Since that one lovely peaceful day of drawing, life has ramped up and things are, at the moment, confusing and unsettled. I am sitting with this in meditation and just observing that.
But clearly there is a place for both practices in my life, meditation and drawing, during times like this. Both feel as precious to me as breathing, and both lead me to clearer perspective and inner peace. Each method works in its own way.
Every day I meditate.
But so far, I have not mastered the practice of daily drawing or tangling. I see the benefits of both, and I always make time for meditation. But too often I do not make time for drawing. Instead I pay bills, or work, run irrelevant errands, or knit while watching television. Or--although this is nearly as beneficial--I work on designing, dyeing for, or hooking my latest rug. Rug hooking is incredibly meditative. But it still doesn't have the effect on me that drawing does, and the past couple of weeks have proved to me how true that is. I frequently feel I want to draw, but tell myself that other tasks are more important.
But are they?
Life is complicated. Drawing, breathing, seeing, following just that one line at a time, is so very simple. Perspective in drawing...perspective in life.
The viewer of art can go into a kind of meditation, a bit of a different sense or feeling.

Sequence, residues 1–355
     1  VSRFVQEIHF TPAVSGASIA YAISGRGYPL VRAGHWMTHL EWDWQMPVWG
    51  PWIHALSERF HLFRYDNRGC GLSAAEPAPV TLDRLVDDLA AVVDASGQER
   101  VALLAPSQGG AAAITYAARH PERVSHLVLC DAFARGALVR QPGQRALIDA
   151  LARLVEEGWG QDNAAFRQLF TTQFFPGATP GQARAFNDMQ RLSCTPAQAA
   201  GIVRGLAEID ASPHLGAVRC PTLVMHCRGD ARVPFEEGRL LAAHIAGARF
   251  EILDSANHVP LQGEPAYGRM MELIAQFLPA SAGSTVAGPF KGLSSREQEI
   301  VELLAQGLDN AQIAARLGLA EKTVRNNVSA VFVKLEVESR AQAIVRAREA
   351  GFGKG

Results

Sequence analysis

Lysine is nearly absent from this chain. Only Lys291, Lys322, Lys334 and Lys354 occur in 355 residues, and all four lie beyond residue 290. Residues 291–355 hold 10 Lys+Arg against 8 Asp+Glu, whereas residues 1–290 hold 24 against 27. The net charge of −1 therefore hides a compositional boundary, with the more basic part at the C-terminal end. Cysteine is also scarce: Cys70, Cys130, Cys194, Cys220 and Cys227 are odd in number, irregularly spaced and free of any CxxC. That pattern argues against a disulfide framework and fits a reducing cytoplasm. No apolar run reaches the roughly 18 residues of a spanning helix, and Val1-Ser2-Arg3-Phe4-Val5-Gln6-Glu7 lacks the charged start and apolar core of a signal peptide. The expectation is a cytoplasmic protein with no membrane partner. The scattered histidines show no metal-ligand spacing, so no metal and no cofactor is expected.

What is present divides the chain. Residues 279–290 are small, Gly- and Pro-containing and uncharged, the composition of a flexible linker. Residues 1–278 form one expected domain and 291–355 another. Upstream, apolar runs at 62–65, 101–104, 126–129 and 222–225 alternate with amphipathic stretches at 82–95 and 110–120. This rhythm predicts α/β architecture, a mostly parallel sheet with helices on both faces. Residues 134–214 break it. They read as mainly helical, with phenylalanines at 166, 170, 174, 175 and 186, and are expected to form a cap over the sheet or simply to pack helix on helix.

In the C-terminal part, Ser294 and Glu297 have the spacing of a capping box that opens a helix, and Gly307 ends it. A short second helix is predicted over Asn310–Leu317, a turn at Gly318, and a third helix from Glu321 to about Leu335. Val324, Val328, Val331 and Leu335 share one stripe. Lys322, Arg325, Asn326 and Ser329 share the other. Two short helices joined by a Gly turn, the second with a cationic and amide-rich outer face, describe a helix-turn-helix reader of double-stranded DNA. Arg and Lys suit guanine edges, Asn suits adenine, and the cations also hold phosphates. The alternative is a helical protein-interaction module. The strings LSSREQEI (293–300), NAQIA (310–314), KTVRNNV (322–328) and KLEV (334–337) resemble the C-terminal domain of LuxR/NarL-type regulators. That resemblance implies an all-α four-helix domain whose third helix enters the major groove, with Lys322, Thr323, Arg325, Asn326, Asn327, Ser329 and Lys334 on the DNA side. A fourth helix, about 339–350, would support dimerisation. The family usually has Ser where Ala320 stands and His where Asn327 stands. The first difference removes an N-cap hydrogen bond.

- Dorthe Eisenhardt
I believe that painting should come through the avenues of meditation rather than the canals of action.
- Mark Tobey
This just in from Loretta Scena, one of the exhibit organizers:
Join us at the T.W. Wood Gallery
46 Barre Street
Montpelier, Vt. 05602
"Exploring the Tarot"
curated by Loretta Scena and Michele Micarelli
Exploring the Tarot offers an opportunity to view a rare collection of hand hooked rugs by 23 artists from across the nation and Canada. Each artist created their interpretation of one tarot card.
May 14th through June 25
NOTE: the Tarot Card Rugs will only be at the gallery through JUNE 25th.
...and a related exhibit with extended dates:
"Discovering the Tarot Card Artists"
An exhibit of hand hooked Rugs at the Gallery
May 14-July 15, 2016
If you live in the U.S. and are interested in rug hooking and/or in the tarot, don't miss this exhibit. For more information and the history of the exhibit, go here.
Don't forget to check the gallery hours by going to their website (at the top of this post).
Ah, the process of finishing a punch-hooked rug! Poking, steaming, pinning, hemming...I did a second steaming last night to uncurl the border. I spent the morning cutting off yarn ends, then poking the motifs to get them to be where they are supposed to be. Then I pinned up the hem (second photo below) and will be starting to stitch it tomorrow. The first photo gives a good preview of what it will look like when it's done. Once I finish the hem, it will get one final good steaming...and that will be it.
I really enjoyed doing this rug. Too bad I have no place to put it! It's 6' x 3'. This is a bad photo on my sketchily-painted studio flooring:
"That's all there is; there isn't anymore."
"The song is ended, but the melody lingers on."
I think I'm astonished that I'm this close to finishing. I began dyeing the yarn for the rug in November; it took about 35-40 individually hand-dyed skeins. I began punching in early February, and am hoping to finish it (the hemming part) this week or next week. I love both punching and traditional rug hooking, but I could never have finished traditionally hooking a rug this size in that amount of time.